newsboy

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news·boy

 (no͞oz′boi′, nyo͞oz′-)
n.
A boy who sells or delivers newspapers.

newsboy

(ˈnjuːzˌbɔɪ)
n
a boy who sells or delivers newspapers

news•boy

(ˈnuzˌbɔɪ, ˈnyuz-)

n.
a person, typically a boy, who sells or delivers newspapers.
[1755–65]
ThesaurusAntonymsRelated WordsSynonymsLegend:
Noun1.newsboy - a boy who delivers newspapersnewsboy - a boy who delivers newspapers  
delivery boy, deliveryman, deliverer - someone employed to make deliveries
Translations

newsboy

[ˈnjuːzbɔɪ] N (= deliverer) → chico m que reparte periódicos; (= seller) → chico m que vende periódicos, voceador m (Mex)
References in classic literature ?
He seemed to be listening to the calling of the newsboys down the street.
It was curious to see newsboys selling papers in so dreamy a land as that.
Jake bought everything the newsboys offered him: candy, oranges, brass collar buttons, a watch-charm, and for me a `Life of Jesse James,' which I remember as one of the most satisfactory books I have ever read.
But my sons are neither boot-blacks nor newsboys, and I object to hearing them use such words as 'screamer,' 'bully,' and 'buster.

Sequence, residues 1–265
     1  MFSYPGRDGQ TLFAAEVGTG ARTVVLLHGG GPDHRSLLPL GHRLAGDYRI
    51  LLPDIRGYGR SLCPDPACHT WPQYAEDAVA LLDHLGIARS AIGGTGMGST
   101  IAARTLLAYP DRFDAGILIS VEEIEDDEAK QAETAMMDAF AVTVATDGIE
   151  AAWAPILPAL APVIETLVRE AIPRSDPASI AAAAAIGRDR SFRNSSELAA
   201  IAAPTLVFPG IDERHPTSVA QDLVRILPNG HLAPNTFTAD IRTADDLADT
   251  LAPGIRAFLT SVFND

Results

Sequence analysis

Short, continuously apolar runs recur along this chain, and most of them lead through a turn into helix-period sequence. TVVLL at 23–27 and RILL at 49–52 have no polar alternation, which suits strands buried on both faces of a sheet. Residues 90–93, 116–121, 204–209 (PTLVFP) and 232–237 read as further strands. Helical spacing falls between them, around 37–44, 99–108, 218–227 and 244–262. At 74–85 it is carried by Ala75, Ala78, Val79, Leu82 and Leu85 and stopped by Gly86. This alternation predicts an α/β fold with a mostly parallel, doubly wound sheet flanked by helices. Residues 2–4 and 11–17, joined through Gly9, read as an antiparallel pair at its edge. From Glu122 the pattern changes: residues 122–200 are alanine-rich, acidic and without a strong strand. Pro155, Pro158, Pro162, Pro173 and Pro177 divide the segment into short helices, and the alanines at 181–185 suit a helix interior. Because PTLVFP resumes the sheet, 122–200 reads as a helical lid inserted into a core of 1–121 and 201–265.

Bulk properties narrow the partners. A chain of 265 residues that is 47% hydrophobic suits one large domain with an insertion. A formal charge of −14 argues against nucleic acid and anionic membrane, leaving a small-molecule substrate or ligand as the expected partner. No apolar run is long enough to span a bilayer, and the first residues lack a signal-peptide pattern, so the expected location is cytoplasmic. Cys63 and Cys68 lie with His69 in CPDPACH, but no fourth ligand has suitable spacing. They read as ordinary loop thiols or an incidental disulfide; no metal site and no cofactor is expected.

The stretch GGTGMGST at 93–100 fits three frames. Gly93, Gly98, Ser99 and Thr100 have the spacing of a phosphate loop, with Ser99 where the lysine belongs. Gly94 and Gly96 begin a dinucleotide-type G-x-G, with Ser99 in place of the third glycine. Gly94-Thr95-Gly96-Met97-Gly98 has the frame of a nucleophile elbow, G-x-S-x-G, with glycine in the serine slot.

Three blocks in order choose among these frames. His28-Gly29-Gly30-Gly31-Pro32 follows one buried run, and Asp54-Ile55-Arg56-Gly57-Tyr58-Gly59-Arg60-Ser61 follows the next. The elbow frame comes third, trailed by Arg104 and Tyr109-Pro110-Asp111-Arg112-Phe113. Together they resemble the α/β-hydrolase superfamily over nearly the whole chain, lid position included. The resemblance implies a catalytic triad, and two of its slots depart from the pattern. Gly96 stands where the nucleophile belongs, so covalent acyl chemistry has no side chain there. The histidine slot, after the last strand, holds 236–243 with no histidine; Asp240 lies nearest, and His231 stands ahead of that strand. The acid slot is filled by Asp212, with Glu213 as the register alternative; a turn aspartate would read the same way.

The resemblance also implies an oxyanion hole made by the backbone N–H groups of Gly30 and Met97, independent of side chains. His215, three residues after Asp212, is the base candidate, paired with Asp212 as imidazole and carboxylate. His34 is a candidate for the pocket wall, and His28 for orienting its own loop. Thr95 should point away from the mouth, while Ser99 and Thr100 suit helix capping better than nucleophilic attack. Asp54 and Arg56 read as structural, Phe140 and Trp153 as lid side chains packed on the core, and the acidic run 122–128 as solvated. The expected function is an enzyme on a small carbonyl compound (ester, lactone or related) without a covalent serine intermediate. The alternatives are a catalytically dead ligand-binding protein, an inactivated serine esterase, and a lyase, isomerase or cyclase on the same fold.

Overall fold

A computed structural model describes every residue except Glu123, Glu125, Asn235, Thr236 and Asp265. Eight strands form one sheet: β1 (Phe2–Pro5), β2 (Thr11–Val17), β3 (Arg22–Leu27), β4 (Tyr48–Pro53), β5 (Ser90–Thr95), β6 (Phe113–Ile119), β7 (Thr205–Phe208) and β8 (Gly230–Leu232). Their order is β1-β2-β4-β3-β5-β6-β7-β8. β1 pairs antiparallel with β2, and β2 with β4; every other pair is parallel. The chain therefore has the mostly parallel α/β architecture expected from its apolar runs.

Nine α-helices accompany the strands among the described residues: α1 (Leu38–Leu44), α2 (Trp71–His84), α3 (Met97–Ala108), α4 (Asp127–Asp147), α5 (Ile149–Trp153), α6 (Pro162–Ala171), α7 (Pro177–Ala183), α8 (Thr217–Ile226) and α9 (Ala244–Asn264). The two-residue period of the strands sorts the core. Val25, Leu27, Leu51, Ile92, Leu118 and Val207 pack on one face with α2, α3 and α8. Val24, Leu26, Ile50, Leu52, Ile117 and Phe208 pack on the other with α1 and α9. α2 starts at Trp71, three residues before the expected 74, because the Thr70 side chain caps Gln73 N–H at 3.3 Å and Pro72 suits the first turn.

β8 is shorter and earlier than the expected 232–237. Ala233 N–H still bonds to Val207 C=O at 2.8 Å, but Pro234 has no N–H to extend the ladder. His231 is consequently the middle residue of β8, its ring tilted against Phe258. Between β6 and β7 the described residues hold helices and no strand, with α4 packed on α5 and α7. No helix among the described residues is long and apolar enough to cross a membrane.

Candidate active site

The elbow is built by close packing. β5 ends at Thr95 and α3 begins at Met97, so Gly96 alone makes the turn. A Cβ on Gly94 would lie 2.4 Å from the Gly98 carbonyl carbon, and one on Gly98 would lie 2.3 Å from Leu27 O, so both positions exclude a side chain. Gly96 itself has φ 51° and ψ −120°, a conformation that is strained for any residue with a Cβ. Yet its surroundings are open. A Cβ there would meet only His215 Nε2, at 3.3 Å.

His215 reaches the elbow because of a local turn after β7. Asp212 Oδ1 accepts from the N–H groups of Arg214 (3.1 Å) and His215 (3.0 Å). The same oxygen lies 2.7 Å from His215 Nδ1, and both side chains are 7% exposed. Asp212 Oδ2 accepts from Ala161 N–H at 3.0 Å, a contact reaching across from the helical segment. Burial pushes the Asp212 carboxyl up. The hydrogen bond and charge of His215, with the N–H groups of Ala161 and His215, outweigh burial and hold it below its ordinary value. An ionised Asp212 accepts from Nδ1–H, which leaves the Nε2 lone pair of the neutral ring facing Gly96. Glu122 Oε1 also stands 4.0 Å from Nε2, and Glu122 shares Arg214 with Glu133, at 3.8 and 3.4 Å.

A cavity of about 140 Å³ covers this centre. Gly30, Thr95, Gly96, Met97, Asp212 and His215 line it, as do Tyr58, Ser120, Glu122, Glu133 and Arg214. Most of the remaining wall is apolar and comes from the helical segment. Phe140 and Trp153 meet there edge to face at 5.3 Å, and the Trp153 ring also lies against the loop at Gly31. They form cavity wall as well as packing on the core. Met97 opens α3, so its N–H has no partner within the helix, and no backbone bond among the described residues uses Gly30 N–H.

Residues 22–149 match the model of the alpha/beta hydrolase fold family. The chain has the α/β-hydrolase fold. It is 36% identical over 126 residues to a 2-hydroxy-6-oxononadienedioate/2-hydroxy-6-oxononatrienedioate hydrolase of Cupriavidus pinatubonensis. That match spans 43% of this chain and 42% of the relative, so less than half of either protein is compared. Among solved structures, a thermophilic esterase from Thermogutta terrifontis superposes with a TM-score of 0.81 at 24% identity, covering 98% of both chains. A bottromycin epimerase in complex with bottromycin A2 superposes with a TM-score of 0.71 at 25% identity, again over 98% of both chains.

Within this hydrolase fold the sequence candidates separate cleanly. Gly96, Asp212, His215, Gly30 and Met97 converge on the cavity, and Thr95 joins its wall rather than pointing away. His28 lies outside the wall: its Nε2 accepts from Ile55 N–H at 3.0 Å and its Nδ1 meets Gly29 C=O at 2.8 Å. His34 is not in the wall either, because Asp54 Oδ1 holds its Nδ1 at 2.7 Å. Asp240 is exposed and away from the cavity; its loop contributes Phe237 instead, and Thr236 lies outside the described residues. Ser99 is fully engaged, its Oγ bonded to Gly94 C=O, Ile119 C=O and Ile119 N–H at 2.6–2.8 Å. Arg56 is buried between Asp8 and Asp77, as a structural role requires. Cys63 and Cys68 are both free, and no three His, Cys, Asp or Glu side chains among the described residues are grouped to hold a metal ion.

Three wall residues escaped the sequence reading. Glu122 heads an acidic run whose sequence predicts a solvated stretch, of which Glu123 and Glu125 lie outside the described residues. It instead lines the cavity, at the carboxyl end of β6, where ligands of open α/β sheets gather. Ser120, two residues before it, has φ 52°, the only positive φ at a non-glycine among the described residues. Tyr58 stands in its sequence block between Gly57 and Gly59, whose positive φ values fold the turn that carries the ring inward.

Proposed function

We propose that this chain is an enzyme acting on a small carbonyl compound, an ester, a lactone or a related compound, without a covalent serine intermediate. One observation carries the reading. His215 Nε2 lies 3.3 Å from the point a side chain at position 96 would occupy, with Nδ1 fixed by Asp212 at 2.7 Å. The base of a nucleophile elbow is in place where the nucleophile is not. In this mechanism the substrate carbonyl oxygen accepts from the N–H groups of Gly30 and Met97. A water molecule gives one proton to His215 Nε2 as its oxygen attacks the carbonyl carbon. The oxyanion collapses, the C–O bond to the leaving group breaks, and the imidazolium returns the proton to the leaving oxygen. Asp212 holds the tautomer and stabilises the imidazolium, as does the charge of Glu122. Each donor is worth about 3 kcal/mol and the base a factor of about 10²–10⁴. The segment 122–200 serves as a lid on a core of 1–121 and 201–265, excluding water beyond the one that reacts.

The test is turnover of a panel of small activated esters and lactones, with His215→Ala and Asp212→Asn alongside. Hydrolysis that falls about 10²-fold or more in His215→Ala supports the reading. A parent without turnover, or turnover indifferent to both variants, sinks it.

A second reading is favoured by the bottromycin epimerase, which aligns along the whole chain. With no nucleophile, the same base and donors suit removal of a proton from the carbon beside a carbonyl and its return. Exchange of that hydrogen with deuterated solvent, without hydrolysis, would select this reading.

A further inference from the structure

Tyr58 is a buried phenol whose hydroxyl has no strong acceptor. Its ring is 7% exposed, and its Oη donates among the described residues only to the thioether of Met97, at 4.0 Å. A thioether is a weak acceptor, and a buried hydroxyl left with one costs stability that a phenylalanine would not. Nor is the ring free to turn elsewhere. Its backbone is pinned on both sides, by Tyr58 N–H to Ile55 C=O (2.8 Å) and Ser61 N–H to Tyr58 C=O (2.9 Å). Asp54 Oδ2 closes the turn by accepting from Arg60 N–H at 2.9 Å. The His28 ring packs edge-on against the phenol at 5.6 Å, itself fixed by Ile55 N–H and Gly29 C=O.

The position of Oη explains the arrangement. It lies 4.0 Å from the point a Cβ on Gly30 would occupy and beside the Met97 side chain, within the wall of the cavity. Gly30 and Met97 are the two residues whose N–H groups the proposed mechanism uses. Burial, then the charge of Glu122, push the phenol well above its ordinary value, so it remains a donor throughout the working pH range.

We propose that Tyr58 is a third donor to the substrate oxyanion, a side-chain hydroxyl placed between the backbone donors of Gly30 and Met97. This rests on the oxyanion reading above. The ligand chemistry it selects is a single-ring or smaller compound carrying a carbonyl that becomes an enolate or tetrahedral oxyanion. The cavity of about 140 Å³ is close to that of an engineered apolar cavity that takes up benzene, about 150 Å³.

The newsboys, as he went, were crying themselves hoarse along the footways: "Special edition.
And so he dragged himself to the ENQUIRER alley, sick in body and soul, but learning the long patience, to confront his eternal enemy, Cheese-Face, who was just as sick as he, and just a bit willing to quit if it were not for the gang of newsboys that looked on and made pride painful and necessary.
While he stood listening, smiling cynically, several dapper young men stood by with notebooks in their hands, and it was not more than two hours later that Jurgis saw newsboys running about with armfuls of newspapers, printed in red and black letters six inches high:
She heard it in Boston yesterday --heard the newsboys crying it in the street.
From outside in the street came faintly to their ears the cry of a newsboy.
I remembered my inability to fix my mind that morning, scarcely a month gone by, and how I had broken off to get my DAILY CHRONICLE from the newsboy.
A newsboy on the streets, a sailor, a miner, a wanderer in far lands, always where men came together to exchange ideas, to laugh and boast and dare, to relax, to forget the dull toil of tiresome nights and days, always they came together over alcohol.
On a broad lamp pedestal in the centre of the roadway, a burly policeman was standing, leaning his back against the post in so natural an attitude that it was hard to realize that he was not alive, while at his feet there lay a ragged newsboy with his bundle of papers on the ground beside him.